Jinson Johnson is at the Berlin airport, waiting to board a flight to the United States. Colarado Springs will be his training base for the next few months as he strives to qualify for the 2020 Tokyo Olympics. Johnson has reason to celebrate, yet he chooses to remain grounded. In just over two months, he has broken the 1500 metres national record twice, the second time on Sunday at the IAAF World Challenge at the Olympiastadion in the German capital.
He won silver and clocked three minutes and 35.24 seconds to qualify for the World Championships in Doha next month.
Athletes tend to ballyhoo their performances aboard and the medals they win in international competitions when a major event is around the corner. But Johnson starts off by talking about what he missed out on – in terms of electronic timing it was 3:35.00, the qualification standard for the Tokyo Games. He isn’t a glass-is-half-empty pessimist but a realist.
“Over a distance of 1500 metres, microseconds isn’t too much of a time difference. This was also a fast race because there were some good runners, including Olympic medallists. I just missed out on qualifying for the Tokyo Olympics so I am disappointed. My aim was to improve my timing, which I achieved and it gave me a place in the World Championships. The silver medal was a bonus. Yet I have been thinking about how close I was to qualifying for Tokyo,” the 28-year-old said on Monday.
With 150 metres to go, Johnson moved into second place, inching closer to race leader Cornelius Tuwei of Kenya and looked like going past the East African. From the outside lane though, United States’s Joshua Thompson gained ground and nosed ahead of both Johnson and Tuwei, who eventually slipped to third. There were nine runners who had gone faster than the Indian this season and the 17-man field also included two-time Olympic medallist Nick Willis. Johnson says there are two ways to approach a strategic race like the 1500 metres and it depends on what athletes are aiming for — a specific timing or a medal.
Johnson’s 3:35.24 would have given him a sixth place finish at the 2017 World Championships and a gold at the Rio Olympics! United States’ Matt Centrowitz had won gold (3:50.00), however, it was the slowest timing by an Olympic winner over the metric mile in over 80 years.
“It would be an opportunity for a medal, if there is another Olympic final which is so slow. But it is unlikely that will happen again. At the World Championships and the Olympic Games, runners try to outwit each other when it comes to race strategy. So at the major events, the timing is not important as the aim is to win a medal. At the 2016 Olympics, it was race strategy which was key. In events like the IAAF World Challenge, it is about timings more than medals, because people are looking to qualify,” Johnson says elaborating on the relatively faster race.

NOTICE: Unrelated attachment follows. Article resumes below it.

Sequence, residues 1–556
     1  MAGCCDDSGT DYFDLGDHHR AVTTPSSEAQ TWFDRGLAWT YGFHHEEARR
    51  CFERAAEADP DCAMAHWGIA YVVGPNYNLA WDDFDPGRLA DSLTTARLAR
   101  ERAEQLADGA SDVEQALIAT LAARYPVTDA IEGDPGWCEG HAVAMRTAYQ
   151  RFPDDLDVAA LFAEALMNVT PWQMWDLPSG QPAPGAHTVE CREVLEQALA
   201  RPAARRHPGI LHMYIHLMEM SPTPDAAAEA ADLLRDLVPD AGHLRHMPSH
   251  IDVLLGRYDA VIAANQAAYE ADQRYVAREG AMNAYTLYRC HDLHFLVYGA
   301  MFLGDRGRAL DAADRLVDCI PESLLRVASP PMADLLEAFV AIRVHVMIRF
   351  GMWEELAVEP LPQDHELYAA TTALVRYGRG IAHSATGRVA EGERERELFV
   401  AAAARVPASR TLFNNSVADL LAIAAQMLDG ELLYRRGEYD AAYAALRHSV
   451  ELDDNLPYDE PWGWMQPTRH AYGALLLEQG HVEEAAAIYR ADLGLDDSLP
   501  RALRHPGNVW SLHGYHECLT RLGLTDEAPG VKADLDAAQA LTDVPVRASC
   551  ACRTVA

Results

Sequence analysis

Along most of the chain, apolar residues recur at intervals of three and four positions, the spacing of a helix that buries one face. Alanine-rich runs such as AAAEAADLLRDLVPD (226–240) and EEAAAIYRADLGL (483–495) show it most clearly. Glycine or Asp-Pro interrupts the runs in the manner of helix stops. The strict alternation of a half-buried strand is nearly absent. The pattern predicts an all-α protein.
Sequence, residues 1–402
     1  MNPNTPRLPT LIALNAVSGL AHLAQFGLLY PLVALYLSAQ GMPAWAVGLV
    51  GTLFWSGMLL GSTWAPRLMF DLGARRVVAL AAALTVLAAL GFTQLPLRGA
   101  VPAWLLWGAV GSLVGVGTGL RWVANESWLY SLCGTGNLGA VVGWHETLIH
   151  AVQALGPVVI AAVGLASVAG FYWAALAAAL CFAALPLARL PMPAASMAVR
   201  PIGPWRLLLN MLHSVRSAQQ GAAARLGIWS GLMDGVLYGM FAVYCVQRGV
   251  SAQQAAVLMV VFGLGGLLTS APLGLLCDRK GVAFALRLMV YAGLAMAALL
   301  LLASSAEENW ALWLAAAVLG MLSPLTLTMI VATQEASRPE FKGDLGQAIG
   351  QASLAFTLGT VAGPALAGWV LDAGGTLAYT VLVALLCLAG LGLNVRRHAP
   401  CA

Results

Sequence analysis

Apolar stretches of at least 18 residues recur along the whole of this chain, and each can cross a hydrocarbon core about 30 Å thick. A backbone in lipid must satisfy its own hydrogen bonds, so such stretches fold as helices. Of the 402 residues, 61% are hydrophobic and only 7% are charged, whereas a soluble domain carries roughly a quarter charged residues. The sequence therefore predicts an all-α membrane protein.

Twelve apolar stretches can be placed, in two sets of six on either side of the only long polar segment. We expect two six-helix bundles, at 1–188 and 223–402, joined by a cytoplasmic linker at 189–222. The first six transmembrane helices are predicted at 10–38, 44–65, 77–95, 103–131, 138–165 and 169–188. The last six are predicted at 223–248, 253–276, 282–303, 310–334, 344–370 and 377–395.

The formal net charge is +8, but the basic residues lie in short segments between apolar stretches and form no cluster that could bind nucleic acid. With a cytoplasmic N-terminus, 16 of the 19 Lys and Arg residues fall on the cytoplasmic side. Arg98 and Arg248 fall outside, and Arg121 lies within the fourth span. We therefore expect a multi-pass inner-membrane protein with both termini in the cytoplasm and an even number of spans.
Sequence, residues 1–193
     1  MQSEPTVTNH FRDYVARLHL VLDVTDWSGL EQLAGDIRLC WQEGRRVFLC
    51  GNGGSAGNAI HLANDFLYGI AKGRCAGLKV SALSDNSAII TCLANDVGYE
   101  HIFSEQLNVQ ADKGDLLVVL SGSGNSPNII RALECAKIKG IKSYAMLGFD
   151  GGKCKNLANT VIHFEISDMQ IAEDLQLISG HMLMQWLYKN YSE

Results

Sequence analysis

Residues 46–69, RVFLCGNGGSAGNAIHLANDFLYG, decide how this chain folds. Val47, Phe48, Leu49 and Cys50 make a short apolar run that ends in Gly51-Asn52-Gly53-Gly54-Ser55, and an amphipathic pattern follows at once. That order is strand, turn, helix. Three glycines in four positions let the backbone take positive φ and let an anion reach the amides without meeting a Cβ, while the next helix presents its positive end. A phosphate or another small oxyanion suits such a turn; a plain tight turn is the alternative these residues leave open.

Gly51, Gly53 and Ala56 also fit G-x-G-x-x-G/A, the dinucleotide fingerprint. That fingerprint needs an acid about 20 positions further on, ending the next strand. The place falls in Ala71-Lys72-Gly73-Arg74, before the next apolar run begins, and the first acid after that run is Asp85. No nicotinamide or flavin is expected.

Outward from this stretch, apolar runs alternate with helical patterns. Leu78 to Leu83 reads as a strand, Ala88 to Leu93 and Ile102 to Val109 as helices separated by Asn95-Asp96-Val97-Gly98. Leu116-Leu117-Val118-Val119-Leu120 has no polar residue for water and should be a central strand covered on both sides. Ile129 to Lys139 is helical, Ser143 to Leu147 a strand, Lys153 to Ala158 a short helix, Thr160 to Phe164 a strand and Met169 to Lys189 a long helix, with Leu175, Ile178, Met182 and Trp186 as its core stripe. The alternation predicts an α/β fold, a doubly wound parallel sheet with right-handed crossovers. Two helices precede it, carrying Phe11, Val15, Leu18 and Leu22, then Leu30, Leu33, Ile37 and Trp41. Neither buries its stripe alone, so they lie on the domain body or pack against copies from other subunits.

The season has been a see-saw one for Johnson because a calf injury robbed him of potential medals in the 800m and the 1500m at the Asian Athletics Championships in Doha. Johnson dropped out during the final lap of the 800 metres and did not start the 1500. Looking back, Johnson believes there was a medal for the taking if he was fully fit.
In the longer race Kenyan-born Abraham Kipchirchir Rotich, running for Bahrain, won the gold clocking 3.42.85. Johnson had gone faster in March (3:41.67) to win the title at the Federation Cup in Patiala, which served as the final selection trial for the continental event.
There was a change in fortune, when in June at the Next Generation Athletics meet in Nijmegen, The Netherlands, Johnson won gold and bettered the national record, a performance he says was a confidence-booster.
800 metres dumped
Johnson also took a big decision after the Asian Championships in April — to focus only on the 1500 metres henceforth. “I had discussions with the Athletics Federation of India coaches and we concluded that it is important to train for one event. You can focus on two events and train for them if your objective is to win medals at the Asian level. But if one wants to do well at the Olympics, it is better to train for one event. The training schedule is different for the 800 metres and the 1500, so it gets tougher. I have a better chance of doing well in the 1500 metres at the Olympics,” Johnson said.
He will now spend the next few months at Colorado Springs as part of the training group of the American Distance Project, a centre where army runners are also coached.
“This is the first time I will be training aboard. It will be a new experience and I hope to become a better and smarter runner. The 1500 is a strategic race and results depend on who executes the strategy better on the particular day. So I can’t say how well I will do at the World Championships because it is less than a month away. Maybe if I qualify for Tokyo, I will be in a better position next year to predict where I could finish at the Olympics.”